As we reported yesterday, a bill will soon be introduced into the state Legislature that would legalize medical marijuana in New York. Governor Andrew Cuomo, however, says he won’t sign the bill — despite overwhelming public support for prescription pot. It seems as though maybe — just maybe — the gov might be a little more concerned with running for president in a few years (and having to explain signing a medical marijuana bill) than he is with doing what makes sense.
“There are tremendous risks [associated with legalizing medical marijuana],” he told reporters in Utica on Monday. “I think the risks outweigh the benefits at this point.”
We asked Cuomo’s office what specific “risks” came with allowing people to treat various health problems with marijuana rather than other powerful/dangerous legal narcotic drugs. We were ignored. So until the governor’s office tells us otherwise, we’ll go ahead and assume Cuomo doesn’t know of any “tremendous risks” associated with legalizing medical marijuana, and that’s because there aren’t any — it’s weed, not crystal meth.
Last time we checked, nobody’s died from a marijuana overdose…ever. And if medical marijuana is legal — and regulated by the government, like, say, alcohol (which can be lethal) — it’s a way for sick people to best treat their illnesses without having to deal with a sketch-ball drug dealer who may try to A) rob them, or B) give them crappy weed.
If Cuomo considers food tasting better, movies seeming funnier, and an unhealthy obsession with the Planet Earth series (oh, yeah — and relieving excruciating pain) to be “risks,” then he might be on to something.
If not — and there aren’t actually “tremendous risks” with letting people who already are smoking weed do so legally — it seems the governor might want to stop worrying about how he’s going to explain on the campaign trail why he signed a bill legalizing medical marijuana, and start worrying supporting something the majority of New Yorkers want.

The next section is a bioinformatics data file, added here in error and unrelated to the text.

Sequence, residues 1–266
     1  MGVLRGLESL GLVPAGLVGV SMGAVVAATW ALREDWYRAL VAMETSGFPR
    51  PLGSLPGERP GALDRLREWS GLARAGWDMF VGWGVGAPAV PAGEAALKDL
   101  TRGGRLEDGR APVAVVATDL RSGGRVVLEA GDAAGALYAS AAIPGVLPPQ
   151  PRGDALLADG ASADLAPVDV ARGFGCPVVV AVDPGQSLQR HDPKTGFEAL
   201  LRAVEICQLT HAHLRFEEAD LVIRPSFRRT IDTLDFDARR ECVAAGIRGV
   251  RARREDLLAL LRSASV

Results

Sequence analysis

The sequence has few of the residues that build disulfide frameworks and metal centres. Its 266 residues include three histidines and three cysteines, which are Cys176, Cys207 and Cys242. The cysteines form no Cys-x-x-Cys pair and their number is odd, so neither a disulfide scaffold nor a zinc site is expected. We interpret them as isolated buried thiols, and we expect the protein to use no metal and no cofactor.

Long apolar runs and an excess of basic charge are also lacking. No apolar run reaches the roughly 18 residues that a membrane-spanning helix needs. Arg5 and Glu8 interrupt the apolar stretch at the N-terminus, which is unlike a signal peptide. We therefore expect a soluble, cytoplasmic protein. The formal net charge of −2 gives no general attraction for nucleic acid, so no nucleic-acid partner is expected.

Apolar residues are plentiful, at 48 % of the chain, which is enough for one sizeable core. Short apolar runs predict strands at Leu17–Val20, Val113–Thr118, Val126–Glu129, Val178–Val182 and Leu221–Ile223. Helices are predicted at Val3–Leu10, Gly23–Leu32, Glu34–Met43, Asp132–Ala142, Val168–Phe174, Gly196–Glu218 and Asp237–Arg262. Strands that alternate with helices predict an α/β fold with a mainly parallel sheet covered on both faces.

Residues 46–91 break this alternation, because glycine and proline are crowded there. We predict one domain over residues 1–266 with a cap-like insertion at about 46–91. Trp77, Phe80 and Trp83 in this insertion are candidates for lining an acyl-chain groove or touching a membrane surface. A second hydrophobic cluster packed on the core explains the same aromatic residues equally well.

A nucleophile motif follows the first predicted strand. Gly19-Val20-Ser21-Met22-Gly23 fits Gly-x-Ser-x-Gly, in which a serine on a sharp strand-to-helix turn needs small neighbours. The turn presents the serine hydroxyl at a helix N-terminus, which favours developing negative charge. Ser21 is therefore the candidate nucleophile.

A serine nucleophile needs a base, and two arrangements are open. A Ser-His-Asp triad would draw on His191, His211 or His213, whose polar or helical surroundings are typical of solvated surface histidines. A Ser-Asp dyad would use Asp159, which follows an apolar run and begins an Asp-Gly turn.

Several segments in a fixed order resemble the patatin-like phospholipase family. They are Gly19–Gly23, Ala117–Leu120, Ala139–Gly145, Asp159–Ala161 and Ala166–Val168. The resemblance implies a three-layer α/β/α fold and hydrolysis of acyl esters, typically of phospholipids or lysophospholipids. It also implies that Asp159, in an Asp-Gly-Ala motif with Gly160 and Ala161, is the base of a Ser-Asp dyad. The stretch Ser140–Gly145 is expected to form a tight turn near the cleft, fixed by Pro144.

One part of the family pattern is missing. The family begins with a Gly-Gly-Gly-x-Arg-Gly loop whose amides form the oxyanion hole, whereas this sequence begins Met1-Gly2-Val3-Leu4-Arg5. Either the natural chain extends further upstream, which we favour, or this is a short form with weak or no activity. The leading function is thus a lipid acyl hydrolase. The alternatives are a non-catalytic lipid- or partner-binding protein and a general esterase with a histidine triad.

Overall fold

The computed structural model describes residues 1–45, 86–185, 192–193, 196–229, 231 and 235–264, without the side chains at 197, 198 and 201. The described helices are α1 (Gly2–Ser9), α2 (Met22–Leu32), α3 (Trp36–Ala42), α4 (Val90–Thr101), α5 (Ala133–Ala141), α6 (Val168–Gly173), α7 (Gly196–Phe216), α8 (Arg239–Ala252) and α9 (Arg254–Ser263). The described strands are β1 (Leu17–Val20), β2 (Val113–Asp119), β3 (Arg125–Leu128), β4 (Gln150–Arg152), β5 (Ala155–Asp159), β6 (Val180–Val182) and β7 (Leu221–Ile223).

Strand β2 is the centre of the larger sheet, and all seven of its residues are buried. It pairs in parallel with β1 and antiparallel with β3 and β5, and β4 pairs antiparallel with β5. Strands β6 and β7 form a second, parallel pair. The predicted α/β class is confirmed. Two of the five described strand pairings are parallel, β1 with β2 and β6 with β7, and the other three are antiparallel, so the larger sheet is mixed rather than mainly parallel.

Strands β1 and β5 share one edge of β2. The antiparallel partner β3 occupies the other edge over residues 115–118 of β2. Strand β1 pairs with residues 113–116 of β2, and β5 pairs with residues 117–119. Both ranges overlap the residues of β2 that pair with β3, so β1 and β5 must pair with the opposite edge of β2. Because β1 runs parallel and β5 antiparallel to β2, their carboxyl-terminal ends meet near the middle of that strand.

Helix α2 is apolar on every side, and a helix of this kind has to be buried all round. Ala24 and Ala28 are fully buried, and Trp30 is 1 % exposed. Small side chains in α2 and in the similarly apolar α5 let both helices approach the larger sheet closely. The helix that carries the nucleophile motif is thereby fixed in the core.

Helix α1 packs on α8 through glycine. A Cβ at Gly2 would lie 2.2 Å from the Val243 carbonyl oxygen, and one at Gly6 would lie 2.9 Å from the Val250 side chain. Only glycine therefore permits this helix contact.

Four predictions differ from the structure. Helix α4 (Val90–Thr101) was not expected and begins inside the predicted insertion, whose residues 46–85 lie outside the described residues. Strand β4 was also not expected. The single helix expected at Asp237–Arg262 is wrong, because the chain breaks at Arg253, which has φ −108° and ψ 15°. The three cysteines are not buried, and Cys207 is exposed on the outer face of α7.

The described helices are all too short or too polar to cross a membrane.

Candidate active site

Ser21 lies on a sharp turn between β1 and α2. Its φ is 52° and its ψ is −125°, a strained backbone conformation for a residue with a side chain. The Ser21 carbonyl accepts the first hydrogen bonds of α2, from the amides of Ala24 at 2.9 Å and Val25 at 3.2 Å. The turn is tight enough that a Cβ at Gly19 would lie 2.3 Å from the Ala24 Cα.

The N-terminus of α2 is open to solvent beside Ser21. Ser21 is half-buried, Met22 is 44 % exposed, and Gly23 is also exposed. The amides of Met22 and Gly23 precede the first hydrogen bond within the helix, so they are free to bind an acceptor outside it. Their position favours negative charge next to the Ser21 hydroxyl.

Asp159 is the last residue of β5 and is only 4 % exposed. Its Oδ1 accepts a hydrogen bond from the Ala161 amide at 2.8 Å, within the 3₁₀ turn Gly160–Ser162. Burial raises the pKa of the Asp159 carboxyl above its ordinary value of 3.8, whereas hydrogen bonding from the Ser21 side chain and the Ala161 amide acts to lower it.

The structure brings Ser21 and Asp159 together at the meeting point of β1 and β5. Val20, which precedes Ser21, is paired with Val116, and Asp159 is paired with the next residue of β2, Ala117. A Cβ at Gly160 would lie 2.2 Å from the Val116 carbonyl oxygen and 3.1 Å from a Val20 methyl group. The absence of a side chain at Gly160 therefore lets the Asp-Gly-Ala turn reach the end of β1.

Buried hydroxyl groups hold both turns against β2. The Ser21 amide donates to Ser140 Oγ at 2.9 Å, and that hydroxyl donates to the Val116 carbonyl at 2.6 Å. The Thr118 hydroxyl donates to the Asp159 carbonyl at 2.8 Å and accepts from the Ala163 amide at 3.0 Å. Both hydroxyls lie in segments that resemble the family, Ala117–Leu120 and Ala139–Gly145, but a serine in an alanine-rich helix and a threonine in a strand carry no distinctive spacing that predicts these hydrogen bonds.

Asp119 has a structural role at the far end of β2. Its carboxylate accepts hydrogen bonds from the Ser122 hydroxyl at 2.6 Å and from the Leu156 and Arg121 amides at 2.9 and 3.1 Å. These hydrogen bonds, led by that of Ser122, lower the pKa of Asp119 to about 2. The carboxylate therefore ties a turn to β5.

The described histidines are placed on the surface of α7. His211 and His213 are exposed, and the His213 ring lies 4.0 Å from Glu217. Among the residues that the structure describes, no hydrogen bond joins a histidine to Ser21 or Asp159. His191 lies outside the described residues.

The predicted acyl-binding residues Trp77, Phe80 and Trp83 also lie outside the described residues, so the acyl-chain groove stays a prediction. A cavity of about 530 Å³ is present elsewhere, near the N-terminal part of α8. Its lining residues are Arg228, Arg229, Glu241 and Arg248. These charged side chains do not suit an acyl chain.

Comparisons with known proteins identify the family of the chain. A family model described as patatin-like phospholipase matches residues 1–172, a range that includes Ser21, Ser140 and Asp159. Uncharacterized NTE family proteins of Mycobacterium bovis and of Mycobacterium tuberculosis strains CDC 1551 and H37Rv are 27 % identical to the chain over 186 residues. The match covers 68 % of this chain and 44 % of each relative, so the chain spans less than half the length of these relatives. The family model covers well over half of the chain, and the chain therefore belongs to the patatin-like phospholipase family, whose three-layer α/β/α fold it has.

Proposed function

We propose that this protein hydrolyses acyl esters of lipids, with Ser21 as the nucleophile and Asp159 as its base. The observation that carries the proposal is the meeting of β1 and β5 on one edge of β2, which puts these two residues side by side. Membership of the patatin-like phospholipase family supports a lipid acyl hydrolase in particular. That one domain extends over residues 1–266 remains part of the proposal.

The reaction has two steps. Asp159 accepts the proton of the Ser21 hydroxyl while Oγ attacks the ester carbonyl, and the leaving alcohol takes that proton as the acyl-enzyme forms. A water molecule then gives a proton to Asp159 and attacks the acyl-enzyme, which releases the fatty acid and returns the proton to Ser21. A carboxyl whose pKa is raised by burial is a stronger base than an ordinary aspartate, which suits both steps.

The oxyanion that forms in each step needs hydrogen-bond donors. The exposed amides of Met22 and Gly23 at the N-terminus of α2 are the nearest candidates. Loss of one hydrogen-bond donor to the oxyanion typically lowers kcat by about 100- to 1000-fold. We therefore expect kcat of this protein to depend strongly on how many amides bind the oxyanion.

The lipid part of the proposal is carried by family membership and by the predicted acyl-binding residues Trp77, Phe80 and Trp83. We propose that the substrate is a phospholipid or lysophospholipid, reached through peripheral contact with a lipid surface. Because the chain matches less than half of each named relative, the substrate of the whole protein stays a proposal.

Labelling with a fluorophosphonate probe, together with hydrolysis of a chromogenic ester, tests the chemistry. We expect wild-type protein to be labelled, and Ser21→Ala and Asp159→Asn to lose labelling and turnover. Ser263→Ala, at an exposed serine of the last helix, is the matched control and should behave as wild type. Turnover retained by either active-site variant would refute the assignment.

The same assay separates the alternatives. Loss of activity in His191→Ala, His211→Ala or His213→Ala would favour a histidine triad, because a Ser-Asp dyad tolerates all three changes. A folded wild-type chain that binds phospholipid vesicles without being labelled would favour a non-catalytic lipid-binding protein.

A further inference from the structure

In addition to the “tremendous risks,” Cuomo says there isn’t enough
time in the current legislative session to iron out a medical marijuana
bill. However, as assembly Health Committee Chairman Richard Gottfried
pointed out earlier this
legislature and governor have sorted out much more complicated issues
in less time over the years. I think the governor
would find this is very doable.”
Unfortunately, here’s the reality: if Cuomo backs a medical marijuana bill, you can pretty much count on a few “Andrew Cuomo’s soft on drugs — he led the charge against the Rockefeller Drug Laws AND legalized weed (gasp!)” GOP campaign ads if he runs for president.
We spoke with a few medical marijuana advocates yesterday. See our previous story here. As we all agreed, it’s “odd” that an uber-conservative state like Arizona currently has medical weed, but a “progressive” place like New York doesn’t. And, again, the overwhelming public support (anywhere from 60-percent to 80-percent of New Yorkers support medical marijuana, depending on which poll you look at) makes it seem as though an incumbent governor might want to embrace something so popular amongst his constituents — unless, of course, he plans to seek higher office.
Obviously, this is our theory on Cuomo’s “uncharacteristic” (as described by a medical marijuana advocate) opposition to something “progressive” like medical weed. But we want to know what you think: Is Cuomo’s opposition to medical marijuana political posturing?
Cast your vote below.